The Simple Trick to Living Longer

Your social network not only enahances your lifeā€”it can also extend it

Maintaining ties with close friends takes work, but it's worth it for your health.

Maintaining ties with close friends takes work, but it's worth it for your health.


If there were something that could lower your stress, help you make better food choices and extend your life by a few years, wouldn’t you want it? Well, you’ve probably got it already.

If there is a magic elixir in life, it is friendship. Call them what you will—buddies, pals, BFFs—but those close confidants with whom we choose to share our lives can actually extend them. It’s true. A decade ago, a well-regarded Australian longitudinal study of senior citizens established that strong social bonds among friends were more likely to increase longevity than were close familial ties. The impact was profound. The seniors with the tightest social networks outlived the ones with the weakest by twenty-two percent.

But friends don’t just help us live longer. They also help us live better. Close friends can help reduce stress. They boost heart health and our immune systems. They can help us stick with exercise regimes (and even make them fun). Newer research also shows that healthy friends can positively influence our eating habits. She’s having a salad? I’ll take one, too.

It’s not exactly news that friends enrich our lives. That they factor positively and even heavily in our overall health and well-being is not really all that shocking, either. Friends make the hard times easier and the good times even better.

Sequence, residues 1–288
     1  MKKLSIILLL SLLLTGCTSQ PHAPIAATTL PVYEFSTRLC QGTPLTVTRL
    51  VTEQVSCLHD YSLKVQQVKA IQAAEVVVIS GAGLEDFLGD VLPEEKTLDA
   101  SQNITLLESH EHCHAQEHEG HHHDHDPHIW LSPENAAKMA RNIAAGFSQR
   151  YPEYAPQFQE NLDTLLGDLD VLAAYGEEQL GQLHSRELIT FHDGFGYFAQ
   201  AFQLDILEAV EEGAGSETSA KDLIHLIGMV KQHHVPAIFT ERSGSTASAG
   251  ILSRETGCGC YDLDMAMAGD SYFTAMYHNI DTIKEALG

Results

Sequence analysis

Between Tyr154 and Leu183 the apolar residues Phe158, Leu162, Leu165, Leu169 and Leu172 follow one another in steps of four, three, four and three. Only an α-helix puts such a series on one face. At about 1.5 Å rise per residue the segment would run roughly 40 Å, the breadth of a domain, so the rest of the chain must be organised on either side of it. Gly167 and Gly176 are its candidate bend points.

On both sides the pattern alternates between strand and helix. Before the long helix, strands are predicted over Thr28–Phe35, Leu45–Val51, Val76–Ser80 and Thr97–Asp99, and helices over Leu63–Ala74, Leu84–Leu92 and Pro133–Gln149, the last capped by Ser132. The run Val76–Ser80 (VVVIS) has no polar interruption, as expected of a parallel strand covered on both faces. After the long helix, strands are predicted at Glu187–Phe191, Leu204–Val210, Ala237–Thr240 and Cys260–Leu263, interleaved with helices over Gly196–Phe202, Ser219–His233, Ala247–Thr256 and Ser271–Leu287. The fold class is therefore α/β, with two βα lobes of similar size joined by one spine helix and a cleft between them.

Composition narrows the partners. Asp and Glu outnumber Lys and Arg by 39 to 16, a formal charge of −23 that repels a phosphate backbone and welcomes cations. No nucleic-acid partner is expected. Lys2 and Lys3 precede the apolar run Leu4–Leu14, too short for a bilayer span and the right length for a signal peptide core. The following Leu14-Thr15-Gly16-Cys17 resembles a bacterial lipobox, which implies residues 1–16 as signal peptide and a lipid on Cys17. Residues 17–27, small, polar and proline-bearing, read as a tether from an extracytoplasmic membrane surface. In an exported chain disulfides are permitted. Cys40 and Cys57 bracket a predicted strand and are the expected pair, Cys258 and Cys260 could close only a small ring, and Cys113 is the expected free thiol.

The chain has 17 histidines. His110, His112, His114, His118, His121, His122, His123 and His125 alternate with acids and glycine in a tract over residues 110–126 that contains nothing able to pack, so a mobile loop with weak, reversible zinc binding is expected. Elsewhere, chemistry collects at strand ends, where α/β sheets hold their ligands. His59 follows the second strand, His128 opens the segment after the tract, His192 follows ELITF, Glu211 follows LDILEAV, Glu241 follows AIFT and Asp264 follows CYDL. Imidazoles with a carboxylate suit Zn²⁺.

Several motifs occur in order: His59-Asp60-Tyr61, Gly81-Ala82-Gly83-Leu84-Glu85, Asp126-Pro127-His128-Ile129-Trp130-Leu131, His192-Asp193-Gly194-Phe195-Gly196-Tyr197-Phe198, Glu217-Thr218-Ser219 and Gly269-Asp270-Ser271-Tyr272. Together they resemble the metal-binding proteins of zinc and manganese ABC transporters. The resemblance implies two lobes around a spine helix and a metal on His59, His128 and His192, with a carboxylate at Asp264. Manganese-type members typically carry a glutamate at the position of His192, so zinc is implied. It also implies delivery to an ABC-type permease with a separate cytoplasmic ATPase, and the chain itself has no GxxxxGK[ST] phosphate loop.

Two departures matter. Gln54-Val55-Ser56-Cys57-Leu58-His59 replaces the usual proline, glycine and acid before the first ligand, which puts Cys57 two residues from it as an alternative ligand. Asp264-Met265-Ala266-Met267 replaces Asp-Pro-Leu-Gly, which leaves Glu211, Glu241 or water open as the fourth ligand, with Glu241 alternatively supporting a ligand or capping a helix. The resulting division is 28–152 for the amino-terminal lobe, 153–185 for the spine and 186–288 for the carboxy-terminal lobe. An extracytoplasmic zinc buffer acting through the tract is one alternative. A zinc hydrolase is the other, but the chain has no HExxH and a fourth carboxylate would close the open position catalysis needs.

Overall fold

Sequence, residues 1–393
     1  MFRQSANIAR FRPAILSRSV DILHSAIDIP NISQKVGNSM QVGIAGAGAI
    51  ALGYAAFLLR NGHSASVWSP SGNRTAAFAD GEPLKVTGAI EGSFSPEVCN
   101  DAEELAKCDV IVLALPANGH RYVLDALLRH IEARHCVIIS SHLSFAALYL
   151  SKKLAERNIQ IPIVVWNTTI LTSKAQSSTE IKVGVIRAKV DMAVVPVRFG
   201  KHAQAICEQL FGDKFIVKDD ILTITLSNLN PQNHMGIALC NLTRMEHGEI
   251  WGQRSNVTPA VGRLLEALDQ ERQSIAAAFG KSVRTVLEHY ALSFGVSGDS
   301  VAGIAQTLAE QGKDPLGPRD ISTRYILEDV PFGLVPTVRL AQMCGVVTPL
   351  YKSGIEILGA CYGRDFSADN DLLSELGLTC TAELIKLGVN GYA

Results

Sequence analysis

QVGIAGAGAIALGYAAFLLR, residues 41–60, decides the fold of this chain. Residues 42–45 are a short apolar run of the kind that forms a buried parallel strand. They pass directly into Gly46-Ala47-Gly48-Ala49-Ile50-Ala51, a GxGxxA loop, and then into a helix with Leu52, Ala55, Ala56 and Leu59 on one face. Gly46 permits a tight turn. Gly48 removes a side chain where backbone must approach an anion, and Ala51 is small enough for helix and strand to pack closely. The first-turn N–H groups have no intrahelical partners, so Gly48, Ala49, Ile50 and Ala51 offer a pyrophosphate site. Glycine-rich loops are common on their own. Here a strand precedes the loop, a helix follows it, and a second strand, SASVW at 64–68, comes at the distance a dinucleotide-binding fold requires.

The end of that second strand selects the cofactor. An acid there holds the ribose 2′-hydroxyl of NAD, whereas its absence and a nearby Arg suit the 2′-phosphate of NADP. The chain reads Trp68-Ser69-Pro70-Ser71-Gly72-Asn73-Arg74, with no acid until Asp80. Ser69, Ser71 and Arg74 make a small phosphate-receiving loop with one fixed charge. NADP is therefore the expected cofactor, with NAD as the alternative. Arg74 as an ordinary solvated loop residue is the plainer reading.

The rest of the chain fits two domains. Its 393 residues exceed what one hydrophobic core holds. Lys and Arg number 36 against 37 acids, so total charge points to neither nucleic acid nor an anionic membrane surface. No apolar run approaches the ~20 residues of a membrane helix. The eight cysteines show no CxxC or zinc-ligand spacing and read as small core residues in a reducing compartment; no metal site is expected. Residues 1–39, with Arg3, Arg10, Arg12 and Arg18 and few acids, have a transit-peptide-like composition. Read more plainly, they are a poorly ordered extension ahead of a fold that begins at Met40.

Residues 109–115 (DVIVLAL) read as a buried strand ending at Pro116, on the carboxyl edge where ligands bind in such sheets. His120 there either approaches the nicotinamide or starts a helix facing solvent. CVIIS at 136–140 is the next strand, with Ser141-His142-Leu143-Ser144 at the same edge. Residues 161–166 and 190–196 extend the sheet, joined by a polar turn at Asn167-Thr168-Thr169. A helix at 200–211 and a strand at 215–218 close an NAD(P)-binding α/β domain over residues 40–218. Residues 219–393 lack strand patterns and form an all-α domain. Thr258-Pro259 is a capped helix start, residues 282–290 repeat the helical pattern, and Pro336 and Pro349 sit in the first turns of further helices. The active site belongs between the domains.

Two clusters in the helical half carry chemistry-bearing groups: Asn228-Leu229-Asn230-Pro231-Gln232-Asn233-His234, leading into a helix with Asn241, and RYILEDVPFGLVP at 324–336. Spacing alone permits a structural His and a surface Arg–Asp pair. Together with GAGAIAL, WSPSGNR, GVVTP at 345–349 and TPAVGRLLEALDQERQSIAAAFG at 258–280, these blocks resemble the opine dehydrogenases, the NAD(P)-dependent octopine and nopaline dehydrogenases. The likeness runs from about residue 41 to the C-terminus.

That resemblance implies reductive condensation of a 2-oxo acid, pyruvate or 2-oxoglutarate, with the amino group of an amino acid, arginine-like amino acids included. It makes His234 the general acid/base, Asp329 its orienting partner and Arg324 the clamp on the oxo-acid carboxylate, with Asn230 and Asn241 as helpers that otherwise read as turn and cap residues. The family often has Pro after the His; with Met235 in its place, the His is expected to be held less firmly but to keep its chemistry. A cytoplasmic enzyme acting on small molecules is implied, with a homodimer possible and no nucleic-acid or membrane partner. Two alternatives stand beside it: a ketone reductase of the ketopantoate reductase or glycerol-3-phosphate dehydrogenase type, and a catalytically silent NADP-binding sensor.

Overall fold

The challenge, of course, is sustaining over time the kind of strong friendships that actually bestow benefits. With work, kids and aging parents pulling us in different directions, it can be hard to work in time for anything or anyone else—even those things that we know are good for us and that we enjoy. Relocations can put great physical distances between friends, and shifting family dynamics such as divorce or a death can disrupt social spheres.

Maintaining friendships takes work, says UW Health psychologist Shilagh Mirgain. “We have to cultivate the relationships,” she says. “We have to invest our time and look for opportunities to connect.”

If keeping up existing friendships is tricky, then making new ones can be downright daunting. While a priority in elementary schools, where regular lunchtime and recess afford the opportunity to chat and play with peers, forming friendships in adulthood can be more challenging. Not all work environments are conducive to interpersonal interaction. Nearly everyone heads straight home, not to the corner tavern after the clock strikes five. Chatting up the woman one mat over in yoga can feel awkward, especially in the silent confines of the Zen studios. The other moms on the soccer sidelines seem to have their social circles all buttoned up.

Mirgain acknowledges that it takes effort. She suggests exploring hobbies to find like-minded individuals or reconnecting with old friends with whom we’ve fallen out of touch. Forging strong relationships usually doesn’t happen overnight, and it takes a certain amount of openness and vulnerability to make it happen. Your co-worker might say no if you invite her out for coffee, but she can’t say yes until you ask.

Most of all, Mirgain believes that strong friendships are not simply a matter of luck or luxury, that we happened to cross paths with the right people at the right moments when we had time to spare.

“It’s a choice,” she says. “We don’t have to have friends. We choose to have friends.”

And it turns out that having friends is one of the smartest choices we can make.

Jennifer Garrett is a Madison-based writer who would like to thank her good friend Andrea LeWinter for reminding her that the best part of friendship is the giving, not the receiving. Read more health stories in Garrett's blog, Health Kick



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